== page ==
Perimenopause, Menopause and Allergies

by WV Marshall

Allergies and menopause – who knew?

Allergies manifesting themselves at this time are associated mostly with hormonal changes that occur during perimenopause, the 2- to 10-year transitional period leading to actual menopause.

Hormones fluctuate and decline during menopause, putting more pressure on your adrenal glands during and after menopause, reported.

This could make menopausal women more susceptible to allergies.

Why Allergies

Allergies occur when a body’s immune system reacts to a foreign substance or food that doesn’t cause a reaction in most people.

While some people live with allergies from childhood, allergies are more likely to appear during times of significant hormonal imbalance such as puberty, menstruation, pregnancy and, of course, menopause.

Some allergies can emerge and go away for no apparent reason.

And while most allergies have well known triggers such as

  • dust,
  • animal dander or
  • certain foods,

many can emerge for reasons that are unknown.

Allergic Reactions

Allergies can trigger reactions that can range from

  • mild (sneezing or itchy eyes) to
  • moderate (racing heart) to
  • severe (convulsions or mental confusion).

Allergy tests can help to identify which allergens are affecting you.

You can consult healthcare professional for advice on testing.

Allergies and Menoopause

If your body is out of balance from allergies and menopause you need to cool your body off, and Menopausehealthmatters provides a list of foods and liquids.

Other actions that can interrupt the body’s reaction to an allergic trigger and reduce allergy-related stress and inflammation include

  • daily dusting or
  • vacuuming,
  • exercise,
  • meditation and
  • massage.

However, please seek advice from your medical provider.

Skin Allergies and Rashes

Skin allergies and rashes can also occur during menopause.

These are frequently irritating and painful.

The hormone fluctuations that cause this can cause a woman’s skin to become drier and more prone to itching and rashes.

Women may notice a significant change in their skin health throughout menopause.

The transition might cause skin to become dry and itchy, and a woman may develop new allergies or responses to things with which she previously had no issues.

Flakiness, scaling, and rashes are common side effects of this transition, which range in severity.

Why It Happens

Menopause causes a decline in estrogen levels, which is the primary cause of skin allergies and rashes throughout the transition.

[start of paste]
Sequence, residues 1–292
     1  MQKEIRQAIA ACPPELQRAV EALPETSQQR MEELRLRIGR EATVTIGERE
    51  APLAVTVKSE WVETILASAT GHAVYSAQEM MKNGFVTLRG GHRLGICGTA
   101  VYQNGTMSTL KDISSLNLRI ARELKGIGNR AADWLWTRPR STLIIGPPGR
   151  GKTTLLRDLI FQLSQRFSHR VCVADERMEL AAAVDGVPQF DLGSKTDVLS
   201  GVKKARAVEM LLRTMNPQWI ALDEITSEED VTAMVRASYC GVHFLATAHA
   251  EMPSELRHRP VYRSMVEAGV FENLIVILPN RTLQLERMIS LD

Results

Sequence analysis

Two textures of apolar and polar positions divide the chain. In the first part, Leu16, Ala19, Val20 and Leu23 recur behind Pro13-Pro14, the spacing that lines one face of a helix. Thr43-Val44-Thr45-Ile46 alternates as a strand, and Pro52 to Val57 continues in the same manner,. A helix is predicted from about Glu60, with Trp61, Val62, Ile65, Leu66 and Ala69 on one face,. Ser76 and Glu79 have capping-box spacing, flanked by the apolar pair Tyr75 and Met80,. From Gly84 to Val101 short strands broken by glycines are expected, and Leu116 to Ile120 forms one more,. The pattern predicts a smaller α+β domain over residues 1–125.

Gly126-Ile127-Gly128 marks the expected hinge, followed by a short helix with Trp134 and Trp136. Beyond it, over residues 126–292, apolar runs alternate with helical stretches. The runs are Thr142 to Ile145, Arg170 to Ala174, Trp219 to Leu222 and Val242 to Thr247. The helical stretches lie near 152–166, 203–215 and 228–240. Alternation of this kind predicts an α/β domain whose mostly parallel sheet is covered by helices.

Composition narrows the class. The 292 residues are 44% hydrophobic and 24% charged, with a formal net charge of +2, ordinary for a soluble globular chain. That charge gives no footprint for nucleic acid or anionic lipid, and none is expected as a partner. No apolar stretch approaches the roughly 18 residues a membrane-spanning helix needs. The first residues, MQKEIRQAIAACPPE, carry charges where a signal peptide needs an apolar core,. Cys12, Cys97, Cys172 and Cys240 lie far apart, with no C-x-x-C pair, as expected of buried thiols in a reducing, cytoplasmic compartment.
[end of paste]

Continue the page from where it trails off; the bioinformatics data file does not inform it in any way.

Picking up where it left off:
The reason for this is that estrogen plays a crucial part in maintaining healthy skin.

This hormone regulates oil secretion and helps keep the skin from being damaged in the years leading up to menopause.

Loss of estrogen during menopause, on the other hand, means

  • less skin collagen,
  • reduced oil secretion, and
  • decreased resistance to the elements.

This menopause symptom can manifest itself in a variety of ways for women.

Some women say the first place they see evidence of skin allergies and rashes is on their elbows and face, while others say it’s on their limbs, chest, or back.

Women may also encounter:

Small bumps on the skin surface. Red or inflamed skin Rashes Dry skin


Eat more foods with omega-3 fatty acids. Such fats help create moisturized and supple skin. This nutrient can be found in foods like salmon, walnuts, fortified eggs, flaxseed, and soy.

Drink plenty of water.

Make sure your showers aren’t too hot. Too much hot water on skin will lead to drying and sensitivity. Keep your showers short and use warm water rather than hot.

Moisturize after showers. This can be done using a moisturizer or oil. Some people find they start becoming sensitive to their body lotions during menopause, so if this happens, try a different brand or use an oil such as coconut oil to moisturize with.

Use gentle, non-irritating soaps. You develop skin allergies to certain soaps during menopause so use the gentlest soap you can find. Make sure it is fragrance-free.

Other Solutions

Over-the-counter medications, allergy shots and prescribed drugs also can provide relief from symptoms of allergies; please consult your healthcare provider for advice on which medical treatment is right for you.

When allergies are associated with a hormonal trigger, Menopausehealthmatters said herbal remedies can produce a positive effect on the body and reaction to allergic triggers.

While not considered mainstream, herbal treatments such as ginseng and black cohosh may offer relief to some women experiencing allergies and menopause.

Again, if you think you have an allergy, please consult your healthcare provider before undertaking any sort of treatment.

mySysters is an app for women in perimenopause and menopause. Good Housekeeping and Woman’s Day named mySysters the Best App for Women in Perimenopause and a Must Have App for Women.